Jump to content

Fairchild Channel F Green Screen


Recommended Posts

I've been working on resurrecting a Channel F I recently acquired that was in pretty rough shape.  Replaced the axial capacitors, voltage regulators, and bridge rectifiers to get an image on screen, but now I'm faced with what would be a great background for streaming (and not gaming).  Does anyone have thoughts on what might be bad?  The service manual suggests a problem with the 12 volt line, but the points on the schematic I tested show that it seems to be good...


Thank you!

Unintentional Chroma Key.jpg

Link to comment
Share on other sites

Interesting, I was just about to post a similar question.  ?  My Channel F was working fine until I ran it for about 20min straight, at which point it displayed a green screen, and it now does that every time I turn it on.  I saw the same note about the 12v line in the service manual, and I found that at the UA78M12 voltage regulator, the input was 19v (too high?), but the output was close to 0v.  So I'm assuming this means the voltage regulator needs to be replaced.  My experience with this kind of thing is somewhat limited, but I'll update here if I find out anything more once I get a replacement.

Link to comment
Share on other sites

Yes, green screen  means check 12V.

If regulator outputs 12V correctly, check -5V on RAM and 12V on each 40pin chip - on the actual chip pins. 

Those chips are often oxidized black (silver content). It can help polishing that off as it may cause poor connection to the socket. Even with 12V in, you may not get the outputs due to that. 

Link to comment
Share on other sites

Thank you for the tips!  Took the meter and the 5V, -5V, and 12V all check out at the pin for the RAM chips.  Also 5V and 12V check out on the CPU/PSUs.  If it helps, the ROMs contained in the PSUs still seem to work, as I can get the built-in game to start "ping-ponging" with button 1, then button 4 presses...

Link to comment
Share on other sites

It's an original version with a run date of October 1976 (man, that's a long time ago now...).


I gave the pins on the PSUs a good scrub down.  I'll try giving them an overnight deoxit bath and see if that helps.  Ordered some replacement RAM as well - one of these things has got to work!


Thank you!

Link to comment
Share on other sites

Luckily this model has a bunch of easily replaceable logic chips, however it can be tricky to locate a broken one (piggybacking with a working chip sometimes help finding the problem). 

If the VLSI-chip in a Channel F II break you're pretty much screwed. 


Not sure what would be the next thing to check. The chain of logic chips between RAM and video output seem logic, IMHO most likely a single broken chip than several. Depends on what has happened though.


74LS195 (D5) or Fairchild 93L00

74LS298 (C4)

7445/74145 (D2), for example if A0, A1, A2, A3 is locked to H, H, H, L it would give a low signal on FG GRN, H H L L for BG GRN

9322 (C2), which has the function of a 74157 (Fairchild's 93xx series), sometimes there's 74xx-numbered chips on the board instead of the 93xx-ones.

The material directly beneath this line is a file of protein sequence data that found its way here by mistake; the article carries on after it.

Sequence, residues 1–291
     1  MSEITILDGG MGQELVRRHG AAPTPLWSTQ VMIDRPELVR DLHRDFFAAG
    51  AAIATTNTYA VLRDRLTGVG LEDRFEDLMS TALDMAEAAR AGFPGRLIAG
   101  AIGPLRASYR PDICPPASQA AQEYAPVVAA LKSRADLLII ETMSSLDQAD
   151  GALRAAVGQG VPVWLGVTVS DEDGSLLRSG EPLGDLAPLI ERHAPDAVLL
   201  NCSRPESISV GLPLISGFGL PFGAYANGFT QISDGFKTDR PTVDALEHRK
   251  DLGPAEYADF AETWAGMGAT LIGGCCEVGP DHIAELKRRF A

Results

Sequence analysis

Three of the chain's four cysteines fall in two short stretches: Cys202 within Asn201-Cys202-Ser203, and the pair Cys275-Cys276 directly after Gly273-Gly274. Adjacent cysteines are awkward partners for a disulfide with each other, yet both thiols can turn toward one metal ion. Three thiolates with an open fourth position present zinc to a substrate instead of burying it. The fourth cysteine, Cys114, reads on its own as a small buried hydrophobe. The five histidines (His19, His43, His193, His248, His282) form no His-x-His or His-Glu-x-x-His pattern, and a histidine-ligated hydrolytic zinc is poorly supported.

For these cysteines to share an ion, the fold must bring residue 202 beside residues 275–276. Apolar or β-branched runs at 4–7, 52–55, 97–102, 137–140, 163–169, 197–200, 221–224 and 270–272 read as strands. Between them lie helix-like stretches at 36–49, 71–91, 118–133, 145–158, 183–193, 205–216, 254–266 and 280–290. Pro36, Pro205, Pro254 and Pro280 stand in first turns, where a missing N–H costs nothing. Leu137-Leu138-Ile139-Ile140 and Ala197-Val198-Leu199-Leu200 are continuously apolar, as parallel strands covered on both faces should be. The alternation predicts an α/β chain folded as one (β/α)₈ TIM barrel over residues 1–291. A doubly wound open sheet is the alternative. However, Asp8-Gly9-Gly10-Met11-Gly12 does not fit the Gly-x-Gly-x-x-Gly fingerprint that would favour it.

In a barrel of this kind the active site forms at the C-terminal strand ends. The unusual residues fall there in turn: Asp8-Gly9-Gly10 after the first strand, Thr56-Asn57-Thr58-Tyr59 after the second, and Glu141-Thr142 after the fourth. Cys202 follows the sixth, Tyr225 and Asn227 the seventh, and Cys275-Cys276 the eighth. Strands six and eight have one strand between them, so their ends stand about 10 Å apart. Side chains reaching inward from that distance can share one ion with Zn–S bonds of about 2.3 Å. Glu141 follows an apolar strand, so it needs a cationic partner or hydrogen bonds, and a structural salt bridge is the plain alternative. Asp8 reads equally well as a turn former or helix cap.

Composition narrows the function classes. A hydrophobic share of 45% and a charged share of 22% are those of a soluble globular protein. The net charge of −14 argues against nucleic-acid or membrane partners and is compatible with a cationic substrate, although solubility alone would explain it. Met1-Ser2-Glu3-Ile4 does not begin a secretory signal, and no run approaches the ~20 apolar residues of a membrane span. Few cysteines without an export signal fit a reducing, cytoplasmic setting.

(D1), (C3)


You could measure your way back, maybe signals change before a circuit changes but not afterwards... 
Then there's the possibility that one of those large 40pin chips is defective, one thing at the time though. 


BTW just checked some chips on one of my NTSC boards - the 5V died, haven't figured out why yet, bridge, massive 5V regulator or the electrolytic cap most likely. I meant to check what happens if you remove all RAM, will fix it...  later...


  • Thanks 1
Link to comment
Share on other sites

Was finding no data out from RAM and traced back an address line that appears to be stuck on high back to what I think is a busted NOR gate here.  Replacement 7402 is on the way (it's getting tougher to find these random TTL logic chips!).  Stay tuned, and hopefully this thread is of some help to someone in the future!


Link to comment
Share on other sites

Yup, eBay is good for older components, there's going to be stock for a long time - some will be more expensive though. I was getting some SOIC 74LS156 earlier this year, those are not cents each but dollars. ;-)
Stealing from broken electronics is always an alternative I guess. 


Edited by e5frog
Link to comment
Share on other sites

Great news!  My logic probing/oscilloscoping proved correct!  Tested the old 7402 and the suspect logic gate tested bad, the new one tested good, a quick solder job and she's good as new!  Thank you so much for your help @e5frog, especially the most important reminder not to be a lazy ass and just trace back on the damn schematic.  :D  


For a quick summary in case someone else comes across this issue - a NOR gate went bad on a 7402 IC at location E7.  Simple replacement proved successful (I have a few extras - ping me if you need one).


The 5V bridge rectifier was also bad - replacing that with part VS-KBPC102 from digi-key fixed the 5V line


Thanks to everyone for your help, and happy gaming!


7402 New - Good.JPG

7402 Old - Bad.JPG

It Lives!.jpg

Edited by Tsubasa97
  • Like 1
Link to comment
Share on other sites

Join the conversation

You can post now and register later. If you have an account, sign in now to post with your account.
Note: Your post will require moderator approval before it will be visible.

Reply to this topic...

×   Pasted as rich text.   Paste as plain text instead

  Only 75 emoji are allowed.

×   Your link has been automatically embedded.   Display as a link instead

×   Your previous content has been restored.   Clear editor

×   You cannot paste images directly. Upload or insert images from URL.

  • Recently Browsing   0 members

    • No registered users viewing this page.
  • Create New...